muscle spindle, but on the other muscle fibers in the muscle. The ones that
connect to the tendons outside of the muscle -- the extrinsic muscle fibers
(muscle spindles are sometimes called intrinsic muscle fibers). In fact
most alpha neuron axons terminate on many extrinsic muscle fibers and can

cause quite a lot of contraction of these fibers. So movement occurs. The


reflex is complete. Sensory in motor out.
A few other points and we are finished with the anatomy and basic
physiology of the MSR. First, you probably noticed that the motor fiber
returned to the same muscle from which the Ia fiber emerged. This is called
the homonymous muscle, where homonymous, in Latin, means.
Same
Synergist

The Same Thing


Homonymous is a word that will keep popping up I'm afraid. Clinicians love
Latin. I don't know why. In any case it's a great word. Impressive at parties. I
can almost hear you at the next party saying, "What! Pin the tail on the
donkey again! Why do we always do the homonymous thing at every party?!"
A homonymous muscle is necessarily a synergistic muscle, that is, a muscle
that has the same action. While the Ia fibers do indeed synapse on alpha
motor neurons of homonymous synergists, they also synapse on the alpha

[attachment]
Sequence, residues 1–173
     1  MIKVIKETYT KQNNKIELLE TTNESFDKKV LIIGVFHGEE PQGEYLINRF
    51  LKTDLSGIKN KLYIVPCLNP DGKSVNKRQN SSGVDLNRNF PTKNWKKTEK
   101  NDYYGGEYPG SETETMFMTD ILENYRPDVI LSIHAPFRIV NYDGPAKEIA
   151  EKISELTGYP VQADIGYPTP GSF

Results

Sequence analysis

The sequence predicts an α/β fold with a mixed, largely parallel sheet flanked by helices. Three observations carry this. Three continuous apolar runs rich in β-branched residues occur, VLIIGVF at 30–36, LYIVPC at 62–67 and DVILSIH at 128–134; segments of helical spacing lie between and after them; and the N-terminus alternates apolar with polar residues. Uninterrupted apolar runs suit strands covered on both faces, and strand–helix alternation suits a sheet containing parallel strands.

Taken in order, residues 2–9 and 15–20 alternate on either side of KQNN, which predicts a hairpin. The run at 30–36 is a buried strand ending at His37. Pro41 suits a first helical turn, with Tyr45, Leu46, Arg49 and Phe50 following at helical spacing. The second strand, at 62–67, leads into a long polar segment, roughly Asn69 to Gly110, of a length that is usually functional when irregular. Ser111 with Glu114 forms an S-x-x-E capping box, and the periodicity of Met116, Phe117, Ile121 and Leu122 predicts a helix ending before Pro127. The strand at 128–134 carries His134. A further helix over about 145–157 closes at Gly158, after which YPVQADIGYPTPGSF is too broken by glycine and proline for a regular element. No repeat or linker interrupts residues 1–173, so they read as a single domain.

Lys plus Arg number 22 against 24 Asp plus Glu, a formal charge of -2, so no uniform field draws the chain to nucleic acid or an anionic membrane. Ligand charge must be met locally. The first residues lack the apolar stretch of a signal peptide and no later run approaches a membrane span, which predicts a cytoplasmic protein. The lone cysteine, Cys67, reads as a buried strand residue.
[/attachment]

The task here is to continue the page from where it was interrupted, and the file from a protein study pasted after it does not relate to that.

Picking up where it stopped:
motor neurons of heteronymous synergists. That is, muscles that are
different, but have the same action. So keep in mind that this simple picture
of a monosynaptic reflex is just that, simplistic. The Ia fibers innervate much
more than just one alpha motor neuron.

Nevertheless, the Ia fiber doesn't innervate all alpha motor neurons. It


doesn't, for instance, synapse on the alpha motor neurons that project to
antagonist muscles. Multiple alpha motor neurons are activated, but they all
have one common purpose. To resist the stretch.
So, we have MSRs. Often called DTRs by rather confused practitioners. When
you stretch a muscle, the muscle contracts. Strongly!
Well, that's nice, but why in the world do we have such a resistive reflex? Or
in other words, did the monosynaptic reflex evolve to provide health
care workers with a handy way to test for lower motor neuron
damage?

A Synergist is not always the Same


It means having the same action, but not literally the same.

The Monosynaptic Reflex Servomotor Control

Here we see the components of the MSR, the muscle spindle, the Ia afferent
fiber, the alpha motor neuron and it's axon and the extrinsic motor fibers all
happily in homeostasis, holding up a 10 pound weight acting across a joint.
Since there is a force stretching the extrinsic muscle fibers and the muscle
spindle is attached to these fibers, the muscle spindle is stretched. And the Ia
fibers are activated. The Ia fibers synapse on the alpha motor neurons, so
these cells are activated and produce action potentials that race down their
axons and cause the extrinsic muscle fibers to contract. Just enough to resist